New York City Mayor Bill de Blasio (D) has announced school reopening in the Big Apple will be delayed for grades K-12.
On Thursday, De Blasio, with New York City Public Schools, outlined phased reopening plans for schools. The gradual process will take place over the course of the next two weeks beginning.
The announcement confirmed that in-person school will be delayed until October 1 for students in grades 8-12. The reopening of K-5 and K-8 schools will be delayed by one additional week and currently have a tentative return date of Sept. 29.
In-person learning for blended learning students will be phased-in across the next two weeks:
🔹 Sep 21: 3-K, pre-K, D75
🔹 Sep 29: K-5 and K-8 Schools
🔹 Oct 1: Middle and High Schools, Secondary Schools, Transfer, Adult Ed, Evening Schools, Alternate Learning Centers
— NYC Public Schools (@NYCSchools) September 17, 2020
During his press conference Thursday morning, De Blasio noted that the decision came after weeks of deliberation about physically returning to classes.
Although the Democratic mayor acknowledged that progress has been made, he made clear that there is still room for improvement.
“They acknowledged progress has been made but more had to be done to make sure that things would be as strong as they needed to be,” de Blasio said.
While he admitted that there is no form of education that can suffice for in-person learning, he insisted public health must be prioritized.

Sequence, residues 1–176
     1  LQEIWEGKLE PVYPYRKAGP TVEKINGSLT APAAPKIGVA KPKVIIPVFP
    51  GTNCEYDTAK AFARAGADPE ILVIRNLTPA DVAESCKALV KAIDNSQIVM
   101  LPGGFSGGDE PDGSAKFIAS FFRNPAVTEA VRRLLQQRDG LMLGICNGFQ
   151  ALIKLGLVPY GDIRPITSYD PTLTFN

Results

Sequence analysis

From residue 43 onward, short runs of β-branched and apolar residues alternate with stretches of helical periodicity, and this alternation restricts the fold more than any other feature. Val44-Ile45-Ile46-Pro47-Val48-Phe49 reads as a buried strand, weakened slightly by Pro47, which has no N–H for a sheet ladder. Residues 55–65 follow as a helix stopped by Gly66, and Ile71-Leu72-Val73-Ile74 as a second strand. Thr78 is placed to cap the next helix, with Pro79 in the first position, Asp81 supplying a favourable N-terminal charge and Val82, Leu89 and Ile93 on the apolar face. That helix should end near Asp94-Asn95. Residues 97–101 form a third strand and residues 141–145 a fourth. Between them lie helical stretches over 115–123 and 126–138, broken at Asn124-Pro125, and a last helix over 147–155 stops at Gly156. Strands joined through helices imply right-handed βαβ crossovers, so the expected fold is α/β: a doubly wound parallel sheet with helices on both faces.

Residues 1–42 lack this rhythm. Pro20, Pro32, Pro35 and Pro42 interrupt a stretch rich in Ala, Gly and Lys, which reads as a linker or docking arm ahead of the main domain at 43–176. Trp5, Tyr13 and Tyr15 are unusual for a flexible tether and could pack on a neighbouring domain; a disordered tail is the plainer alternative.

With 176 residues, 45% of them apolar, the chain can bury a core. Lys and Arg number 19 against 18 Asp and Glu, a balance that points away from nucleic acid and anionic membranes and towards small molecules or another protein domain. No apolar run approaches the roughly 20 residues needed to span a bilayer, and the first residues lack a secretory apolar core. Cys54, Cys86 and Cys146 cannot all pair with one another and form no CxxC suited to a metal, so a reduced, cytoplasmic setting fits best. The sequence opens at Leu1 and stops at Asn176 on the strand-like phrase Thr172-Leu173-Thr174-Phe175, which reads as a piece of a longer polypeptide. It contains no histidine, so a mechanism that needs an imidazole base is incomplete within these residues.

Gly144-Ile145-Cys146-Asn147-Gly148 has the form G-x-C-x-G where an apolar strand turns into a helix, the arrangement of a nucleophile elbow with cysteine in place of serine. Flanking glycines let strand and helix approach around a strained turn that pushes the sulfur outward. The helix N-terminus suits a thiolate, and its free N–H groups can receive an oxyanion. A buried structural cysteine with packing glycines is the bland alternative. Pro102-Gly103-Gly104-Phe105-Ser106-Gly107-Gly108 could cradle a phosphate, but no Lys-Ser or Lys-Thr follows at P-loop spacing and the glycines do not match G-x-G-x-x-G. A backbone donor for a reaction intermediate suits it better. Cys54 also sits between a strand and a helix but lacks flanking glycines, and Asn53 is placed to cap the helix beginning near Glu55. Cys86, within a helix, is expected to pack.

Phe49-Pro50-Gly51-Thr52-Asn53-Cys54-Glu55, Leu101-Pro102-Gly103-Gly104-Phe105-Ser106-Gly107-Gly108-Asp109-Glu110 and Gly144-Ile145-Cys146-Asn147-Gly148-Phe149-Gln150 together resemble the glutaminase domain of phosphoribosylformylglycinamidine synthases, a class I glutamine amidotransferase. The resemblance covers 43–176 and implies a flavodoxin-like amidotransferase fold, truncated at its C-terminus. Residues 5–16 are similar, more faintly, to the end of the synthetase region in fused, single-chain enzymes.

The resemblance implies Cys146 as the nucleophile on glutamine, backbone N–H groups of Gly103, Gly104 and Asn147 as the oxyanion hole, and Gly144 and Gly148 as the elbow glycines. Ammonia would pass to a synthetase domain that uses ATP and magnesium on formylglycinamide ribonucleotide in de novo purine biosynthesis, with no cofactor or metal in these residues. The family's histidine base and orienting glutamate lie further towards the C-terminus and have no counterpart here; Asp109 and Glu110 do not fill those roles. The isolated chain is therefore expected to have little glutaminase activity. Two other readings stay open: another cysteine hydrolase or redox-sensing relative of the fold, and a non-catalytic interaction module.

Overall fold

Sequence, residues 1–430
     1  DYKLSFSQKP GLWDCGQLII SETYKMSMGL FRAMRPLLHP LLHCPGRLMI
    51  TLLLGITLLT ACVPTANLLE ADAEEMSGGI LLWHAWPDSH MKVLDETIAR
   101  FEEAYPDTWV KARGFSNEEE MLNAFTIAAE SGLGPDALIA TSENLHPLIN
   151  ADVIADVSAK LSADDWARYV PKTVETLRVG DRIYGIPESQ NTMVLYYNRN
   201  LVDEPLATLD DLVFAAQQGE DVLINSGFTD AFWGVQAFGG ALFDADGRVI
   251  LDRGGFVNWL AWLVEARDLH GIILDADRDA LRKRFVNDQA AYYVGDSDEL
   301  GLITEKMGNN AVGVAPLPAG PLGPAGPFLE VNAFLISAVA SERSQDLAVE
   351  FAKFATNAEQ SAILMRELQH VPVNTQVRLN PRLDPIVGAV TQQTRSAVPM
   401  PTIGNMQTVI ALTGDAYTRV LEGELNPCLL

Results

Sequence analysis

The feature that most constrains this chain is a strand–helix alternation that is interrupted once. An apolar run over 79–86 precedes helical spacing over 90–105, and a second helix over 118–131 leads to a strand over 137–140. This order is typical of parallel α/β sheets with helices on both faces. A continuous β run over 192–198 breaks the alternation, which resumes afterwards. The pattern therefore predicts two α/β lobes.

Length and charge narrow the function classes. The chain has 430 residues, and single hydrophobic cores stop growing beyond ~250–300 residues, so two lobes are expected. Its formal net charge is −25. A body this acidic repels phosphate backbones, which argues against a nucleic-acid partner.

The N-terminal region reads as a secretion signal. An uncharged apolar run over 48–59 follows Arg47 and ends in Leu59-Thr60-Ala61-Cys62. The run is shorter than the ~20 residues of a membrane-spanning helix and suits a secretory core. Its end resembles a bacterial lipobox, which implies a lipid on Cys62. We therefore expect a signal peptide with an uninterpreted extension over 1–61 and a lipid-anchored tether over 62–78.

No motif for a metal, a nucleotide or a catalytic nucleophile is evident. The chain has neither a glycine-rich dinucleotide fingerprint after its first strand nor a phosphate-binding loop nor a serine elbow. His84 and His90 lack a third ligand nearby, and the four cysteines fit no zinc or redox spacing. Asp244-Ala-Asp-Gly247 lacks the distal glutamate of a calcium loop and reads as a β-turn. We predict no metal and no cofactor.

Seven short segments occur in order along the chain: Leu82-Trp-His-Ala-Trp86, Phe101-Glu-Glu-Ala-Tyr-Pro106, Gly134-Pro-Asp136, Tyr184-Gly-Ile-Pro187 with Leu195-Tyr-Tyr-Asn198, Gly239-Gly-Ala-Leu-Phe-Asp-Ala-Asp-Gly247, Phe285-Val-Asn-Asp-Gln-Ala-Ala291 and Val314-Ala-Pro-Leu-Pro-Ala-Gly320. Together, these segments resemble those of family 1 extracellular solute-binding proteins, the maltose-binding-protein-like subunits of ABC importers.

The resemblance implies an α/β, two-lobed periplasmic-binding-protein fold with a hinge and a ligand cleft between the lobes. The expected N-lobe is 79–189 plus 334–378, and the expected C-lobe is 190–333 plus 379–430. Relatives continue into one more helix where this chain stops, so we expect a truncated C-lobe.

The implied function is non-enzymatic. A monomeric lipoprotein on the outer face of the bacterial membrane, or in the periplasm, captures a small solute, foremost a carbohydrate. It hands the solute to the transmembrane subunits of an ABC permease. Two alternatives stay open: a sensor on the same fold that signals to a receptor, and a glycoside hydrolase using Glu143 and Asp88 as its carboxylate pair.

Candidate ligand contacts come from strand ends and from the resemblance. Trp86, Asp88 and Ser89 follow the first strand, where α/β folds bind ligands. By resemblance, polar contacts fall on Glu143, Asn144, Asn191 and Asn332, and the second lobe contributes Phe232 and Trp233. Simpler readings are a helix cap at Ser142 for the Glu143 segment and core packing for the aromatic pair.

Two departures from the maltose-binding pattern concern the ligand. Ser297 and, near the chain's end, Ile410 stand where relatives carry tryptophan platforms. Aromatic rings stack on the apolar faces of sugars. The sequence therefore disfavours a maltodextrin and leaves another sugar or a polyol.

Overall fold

“Nothing replaces in-person learning. We believed from day one we could ensure health and safety first but also ensure the best quality education,” de Blasio said.
See de Blasio’s remarks below:
He added, “Everyone here at this table has devoted a lot of our lives to proving the power of public education to uplift every young person, knowing they will be our future. It has to be fair and equal.”
De Blasio’s decision to postpone the reopening of schools comes months after New York state was ravaged by the coronavirus pandemic. At the beginning of the pandemic, New York City was initially declared the epicenter for coronavirus in the United States.
Although the state has made drastic improvements slowing the spread of coronavirus, statewide, there are still concerns about what the upcoming fall season will bring amid the ongoing pandemic.
As of Thursday morning, New York has reported nearly 480,000 coronavirus cases since the beginning of the pandemic. With a total of 33,156 lives lost, New York also has the highest COVID death toll.
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